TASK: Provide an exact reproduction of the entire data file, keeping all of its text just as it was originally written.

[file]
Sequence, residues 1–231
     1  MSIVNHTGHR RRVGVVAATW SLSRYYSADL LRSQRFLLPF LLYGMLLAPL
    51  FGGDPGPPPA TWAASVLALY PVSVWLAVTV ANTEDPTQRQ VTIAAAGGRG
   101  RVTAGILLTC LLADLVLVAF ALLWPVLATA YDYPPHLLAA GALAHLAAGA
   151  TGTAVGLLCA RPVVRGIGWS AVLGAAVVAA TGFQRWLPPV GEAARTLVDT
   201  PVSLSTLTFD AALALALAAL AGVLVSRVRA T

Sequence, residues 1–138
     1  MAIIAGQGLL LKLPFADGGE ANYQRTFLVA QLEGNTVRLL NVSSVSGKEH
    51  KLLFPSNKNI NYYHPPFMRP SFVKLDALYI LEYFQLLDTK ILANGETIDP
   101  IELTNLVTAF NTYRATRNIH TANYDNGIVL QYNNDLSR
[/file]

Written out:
Sequence, residues 1–231
     1  MSIVNHTGHR RRVGVVAATW SLSRYYSADL LRSQRFLLPF LLYGMLLAPL
    51  FGGDPGPPPA TWAASVLALY PVSVWLAVTV ANTEDPTQRQ VTIAAAGGRG
   101  RVTAGILLTC LLADLVLVAF ALLWPVLATA YDYPPHLLAA GALAHLAAGA
   151  TGTAVGLLCA RPVVRGIGWS AVLGAAVVAA TGFQRWLPPV GEAARTLVDT
   201  PVSLSTLTFD AALALALAAL AGVLVSRVRA T

Sequence, residues 1–138
     1  MAIIAGQGLL LKLPFADGGE ANYQRTFLVA QLEGNTVRLL NVSSVSGKEH
    51  KLLFPSNKNI NYYHPPFMRP SFVKLDALYI LEYFQLLDTK ILANGETIDP
   101  IELTNLVTAF NTYRATRNIH TANYDNGIVL QYNNDLSR